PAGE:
Amongst the Dinka Agaar – as with many other communities in South Sudan – wealth is measured in cattle. The keeping and protection of cattle is a central concern and traditionally, this responsibility falls to boys/men known as ‘gelweng’. From a young age, families send their sons to live unaccompanied in remote cattle camps which can be home to thousands of cows. At present, one of the largest cattle camps in Western Lakes State – Marialbek – reportedly has more than 100,000 cows. These cows belong to separate families but are all kept together.

Read more: Working to Reduce Violence in Local Communities

By Adrianne Lapar.

2016 03 06 GR Idomeni resizedKhameel sits on a piece of cardboard in a tent within northern Greece. We are literally a stone’s throw away from the border with Macedonia and far from Khameel's home in Iraq. But suddenly, his home doesn’t seem so distant when he leans in and tells me, “It’s like the conflict is following us.”

Khameel, a young Yazidi man from northern Iraq, has been displaced since August 2014, when the Islamic State in the Levant (ISIL) seized his hometown of Sinjar. “Daesh took our girls from us,” explains Khameel, referring to ISIL by its Arabic acronym and referencing its sexual enslavement of thousands of Yazidi girls. Khameel, along with tens of thousands of other Yazidis, fled to the Sinjar Mountains, and hid there for about a week before trekking on foot to northeastern Syria. There, he and other Yazidis scraped by for about a week, relying upon the goodwill of Syrian Kurdish civilians, before making their way to Iraq’s Kurdistan region.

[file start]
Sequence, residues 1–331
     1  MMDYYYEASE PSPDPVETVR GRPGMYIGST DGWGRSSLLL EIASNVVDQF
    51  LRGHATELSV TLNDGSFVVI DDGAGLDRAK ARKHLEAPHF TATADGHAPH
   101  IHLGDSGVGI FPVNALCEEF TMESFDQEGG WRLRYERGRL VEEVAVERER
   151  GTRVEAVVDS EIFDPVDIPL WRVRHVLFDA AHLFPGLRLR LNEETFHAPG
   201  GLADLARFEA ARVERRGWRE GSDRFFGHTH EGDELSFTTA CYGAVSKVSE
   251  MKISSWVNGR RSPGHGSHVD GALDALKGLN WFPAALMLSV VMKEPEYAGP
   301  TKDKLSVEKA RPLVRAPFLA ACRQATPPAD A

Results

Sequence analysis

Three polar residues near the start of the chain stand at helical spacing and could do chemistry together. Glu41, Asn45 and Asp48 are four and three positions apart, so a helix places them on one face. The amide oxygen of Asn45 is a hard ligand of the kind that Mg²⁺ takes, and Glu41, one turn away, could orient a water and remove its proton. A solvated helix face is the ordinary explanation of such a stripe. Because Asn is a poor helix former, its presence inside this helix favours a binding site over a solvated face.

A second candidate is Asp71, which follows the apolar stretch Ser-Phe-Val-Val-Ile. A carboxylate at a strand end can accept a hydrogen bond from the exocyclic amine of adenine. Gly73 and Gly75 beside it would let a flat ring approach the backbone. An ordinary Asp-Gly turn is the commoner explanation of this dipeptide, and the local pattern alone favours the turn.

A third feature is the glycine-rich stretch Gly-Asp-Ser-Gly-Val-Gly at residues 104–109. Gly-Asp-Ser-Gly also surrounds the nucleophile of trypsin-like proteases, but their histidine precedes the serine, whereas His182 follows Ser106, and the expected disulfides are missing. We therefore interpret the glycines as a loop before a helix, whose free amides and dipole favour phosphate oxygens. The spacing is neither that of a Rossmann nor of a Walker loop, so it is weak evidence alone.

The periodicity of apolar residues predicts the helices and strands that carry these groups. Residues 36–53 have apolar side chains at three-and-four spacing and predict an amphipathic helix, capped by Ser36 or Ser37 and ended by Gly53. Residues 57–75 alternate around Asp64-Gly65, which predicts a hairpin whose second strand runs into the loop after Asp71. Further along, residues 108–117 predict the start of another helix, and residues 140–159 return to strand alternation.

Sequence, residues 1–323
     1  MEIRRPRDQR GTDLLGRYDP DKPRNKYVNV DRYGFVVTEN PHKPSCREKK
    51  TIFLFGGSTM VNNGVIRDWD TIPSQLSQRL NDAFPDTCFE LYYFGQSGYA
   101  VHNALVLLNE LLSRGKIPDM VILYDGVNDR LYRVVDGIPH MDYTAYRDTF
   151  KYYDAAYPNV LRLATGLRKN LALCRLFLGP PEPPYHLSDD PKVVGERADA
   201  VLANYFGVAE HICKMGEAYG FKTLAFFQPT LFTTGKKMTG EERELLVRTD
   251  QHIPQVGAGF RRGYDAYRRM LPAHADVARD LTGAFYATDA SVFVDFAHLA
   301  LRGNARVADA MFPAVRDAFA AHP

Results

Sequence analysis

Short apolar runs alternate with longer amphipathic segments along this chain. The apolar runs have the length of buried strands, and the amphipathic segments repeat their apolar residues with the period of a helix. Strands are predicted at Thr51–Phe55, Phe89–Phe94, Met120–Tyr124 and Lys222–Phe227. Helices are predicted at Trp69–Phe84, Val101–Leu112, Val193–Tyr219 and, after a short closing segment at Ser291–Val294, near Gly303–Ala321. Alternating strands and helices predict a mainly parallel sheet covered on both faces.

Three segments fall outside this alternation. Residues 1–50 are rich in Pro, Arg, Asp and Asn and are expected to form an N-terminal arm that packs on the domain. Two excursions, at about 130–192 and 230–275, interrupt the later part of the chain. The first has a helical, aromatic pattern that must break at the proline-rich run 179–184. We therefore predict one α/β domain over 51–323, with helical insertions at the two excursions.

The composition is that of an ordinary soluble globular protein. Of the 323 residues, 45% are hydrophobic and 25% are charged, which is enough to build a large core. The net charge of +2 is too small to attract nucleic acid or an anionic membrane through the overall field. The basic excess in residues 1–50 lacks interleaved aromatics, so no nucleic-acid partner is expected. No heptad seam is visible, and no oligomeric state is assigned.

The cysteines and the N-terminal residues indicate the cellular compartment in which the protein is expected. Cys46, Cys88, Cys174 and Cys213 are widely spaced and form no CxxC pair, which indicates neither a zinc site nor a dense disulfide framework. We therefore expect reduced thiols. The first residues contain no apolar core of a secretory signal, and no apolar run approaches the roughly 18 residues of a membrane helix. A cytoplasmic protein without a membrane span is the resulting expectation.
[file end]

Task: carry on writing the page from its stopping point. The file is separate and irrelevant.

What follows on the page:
Read more: Diary of a Peacekeeper: “It’s Like the Conflict Is Following Us”

The Comprehensive Agreement on the Bangsamoro (CAB) was signed on 27th March 2014 between the Government of the Philippines and the Moro Islamic Liberation Front (MILF) as a stepping stone towards the creation of a peaceful government in Mindanao. Nonviolent Peaceforce (NP) in the Philippines was also present at the signing of the CAB. The theme for this year’s commemoration of the signing of the significant step was: "Stand up for Peace! Long live the CAB!"

Read more: Commemoration of Peace Deal in Mindanao Reaffirms Commitment to Agreement